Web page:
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Comment: Re:I hope Toyota doesn't write the software (Score 1) 51

by kybred (#47875095) Attached to: Toyota and Tesla May Work Together Again

The EE Times article is from 2013. Barr analyzed the source code and found numerous problems:

Having spent more than 18 months going in and out of the secure room to study Toyota's code, Michael Barr, CTO of the Barr Group, put together an 800-page report analyzing the 2005 Camry L4's software. On the witness stand, he walked a jury step by step through what the experts discovered in their source-code review. According to Barr's testimony, that review revealed:

        Software bugs that specifically can cause memory corruption

        Unmaintainable code complexity in Toyota's software

        A multifunction kitchen-sink Task X designed to execute everything from throttle control to cruise control and many of the fail-safes

        That all Task X functions, including fail-safes, are designed to run on the main CPU in the Camry's electronic control module

        That the brake override that is supposed to save the day when there is an unintended acceleration is also in Task X

        The use of an operating system in which there is no protection against hardware or software faults

        A number of other problems

Single bit flips can also be caused by memory corruption, not to mention tasks crashing.

Comment: Re:I hope Toyota doesn't write the software (Score 2) 51

by kybred (#47868837) Attached to: Toyota and Tesla May Work Together Again

Pretty sure those runaways were caused by morons who put their floormats over the accelerator, not software.

Pretty sure they weren't (at least, not all of them).

Having spent more than 18 months going in and out of the secure room to study Toyota's code, Michael Barr, CTO of the Barr Group, put together an 800-page report analyzing the 2005 Camry L4's software. On the witness stand, he walked a jury step by step through what the experts discovered in their source-code review.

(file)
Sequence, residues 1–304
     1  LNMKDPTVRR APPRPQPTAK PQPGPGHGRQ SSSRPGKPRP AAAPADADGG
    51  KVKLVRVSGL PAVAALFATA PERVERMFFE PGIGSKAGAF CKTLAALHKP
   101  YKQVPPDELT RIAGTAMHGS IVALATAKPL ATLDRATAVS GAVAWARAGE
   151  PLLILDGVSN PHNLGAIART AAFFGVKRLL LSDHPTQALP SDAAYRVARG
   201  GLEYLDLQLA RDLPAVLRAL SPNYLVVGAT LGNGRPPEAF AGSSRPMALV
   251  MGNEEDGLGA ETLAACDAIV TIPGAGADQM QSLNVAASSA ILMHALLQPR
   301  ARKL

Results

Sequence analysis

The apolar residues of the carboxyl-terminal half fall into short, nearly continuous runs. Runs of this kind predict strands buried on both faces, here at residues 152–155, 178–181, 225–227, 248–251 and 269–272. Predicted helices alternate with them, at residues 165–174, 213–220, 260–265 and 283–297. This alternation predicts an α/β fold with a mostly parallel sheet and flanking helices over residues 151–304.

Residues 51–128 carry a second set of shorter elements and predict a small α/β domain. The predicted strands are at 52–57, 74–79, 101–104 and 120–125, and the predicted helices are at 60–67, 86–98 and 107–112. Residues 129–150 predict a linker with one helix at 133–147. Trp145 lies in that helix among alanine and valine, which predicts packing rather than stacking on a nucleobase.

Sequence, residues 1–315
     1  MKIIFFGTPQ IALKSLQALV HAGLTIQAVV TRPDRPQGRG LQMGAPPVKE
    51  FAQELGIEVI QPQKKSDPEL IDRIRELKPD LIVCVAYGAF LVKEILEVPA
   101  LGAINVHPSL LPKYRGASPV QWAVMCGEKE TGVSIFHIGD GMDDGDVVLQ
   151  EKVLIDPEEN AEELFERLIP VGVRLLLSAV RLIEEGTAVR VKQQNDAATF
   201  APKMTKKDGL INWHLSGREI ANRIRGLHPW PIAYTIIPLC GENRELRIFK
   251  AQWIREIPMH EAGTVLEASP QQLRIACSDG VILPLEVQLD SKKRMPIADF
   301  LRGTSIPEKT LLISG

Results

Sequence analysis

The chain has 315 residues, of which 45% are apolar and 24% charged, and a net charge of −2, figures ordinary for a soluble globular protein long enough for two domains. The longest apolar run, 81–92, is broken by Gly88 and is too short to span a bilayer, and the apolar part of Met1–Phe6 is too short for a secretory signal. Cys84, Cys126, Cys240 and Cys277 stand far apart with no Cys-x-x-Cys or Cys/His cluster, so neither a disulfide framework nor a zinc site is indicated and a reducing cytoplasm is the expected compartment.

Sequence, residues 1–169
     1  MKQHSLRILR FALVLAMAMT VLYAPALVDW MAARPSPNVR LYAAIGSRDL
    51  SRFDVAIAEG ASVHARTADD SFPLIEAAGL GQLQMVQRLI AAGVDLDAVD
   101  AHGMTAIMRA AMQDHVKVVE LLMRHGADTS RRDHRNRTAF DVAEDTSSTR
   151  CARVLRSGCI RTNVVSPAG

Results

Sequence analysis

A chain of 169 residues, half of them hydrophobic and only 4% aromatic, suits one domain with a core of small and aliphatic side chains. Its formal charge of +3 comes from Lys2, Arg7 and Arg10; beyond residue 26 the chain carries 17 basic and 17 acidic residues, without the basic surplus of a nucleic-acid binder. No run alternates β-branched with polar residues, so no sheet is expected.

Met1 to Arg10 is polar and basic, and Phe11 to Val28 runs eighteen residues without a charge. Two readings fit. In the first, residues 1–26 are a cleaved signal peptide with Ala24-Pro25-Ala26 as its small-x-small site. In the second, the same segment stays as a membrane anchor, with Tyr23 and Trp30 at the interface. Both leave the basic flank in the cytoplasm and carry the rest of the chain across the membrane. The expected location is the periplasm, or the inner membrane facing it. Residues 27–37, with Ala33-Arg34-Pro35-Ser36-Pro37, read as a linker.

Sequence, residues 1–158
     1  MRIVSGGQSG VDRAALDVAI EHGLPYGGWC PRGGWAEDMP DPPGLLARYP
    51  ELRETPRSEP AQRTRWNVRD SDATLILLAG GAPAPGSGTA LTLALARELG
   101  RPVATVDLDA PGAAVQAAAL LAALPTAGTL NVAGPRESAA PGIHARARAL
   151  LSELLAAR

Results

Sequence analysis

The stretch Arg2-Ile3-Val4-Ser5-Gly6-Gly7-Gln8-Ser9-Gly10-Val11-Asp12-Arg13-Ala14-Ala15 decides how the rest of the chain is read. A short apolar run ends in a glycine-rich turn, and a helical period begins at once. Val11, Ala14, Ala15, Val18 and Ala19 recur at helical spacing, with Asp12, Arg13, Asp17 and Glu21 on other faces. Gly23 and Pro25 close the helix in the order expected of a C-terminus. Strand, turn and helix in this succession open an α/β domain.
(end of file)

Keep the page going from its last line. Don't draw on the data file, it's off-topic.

...

Barr testified that the source-code review indicated "both that task could die by the memory corruption, and that also that one of side effects of that would be that this -- for example, that task died, that many of fail safes would be disabled." But is it possible to prove that the experts' discoveries in that cloak-and-dagger source-code room would manifest themselves in a moving vehicle? How do we know how a car might react to malfunctions or an outright failure in Task X?

...

However, we have confirmed in other vehicle testing that I'll talk about later, that if the incident begins with the peddle, [sic] brake peddle [sic] pressed at all, even lightly then the unintended acceleration will continue, potentially, forever unless the driver tries the risky thing of letting go of the brake while the car is driving away with him.

Comment: Not all states failed (Score 5, Interesting) 212

by kybred (#47737351) Attached to: Oregon Sues Oracle For "Abysmal" Healthcare Website

Here's a success story about Kentucky's Kynect Exchange.

They need not have worried. Over the past year, Kentucky’s health care website has proved to be a huge success. More than a half-million Kentucky residents have signed up for the Bluegrass State’s version of Obamacare. A majority of Kentuckians approve of it. That this has happened in a deeply red state is unexpected but hardly an accident.

Comment: Re:harmful constructs (Score 1) 159

by kybred (#45420179) Attached to: Red Hat Releases Ceylon Language 1.0.0

For some reason, I always hate it when people choose an explicit

if (boolean == true)

rather than just

if (boolean)

I'm glad those people have to hunt for extra bugs ;)

Absolutely! If you give the boolean variable a good name it makes the code read logically:

if (thing_is_valid)
{
        do_stuff();
}

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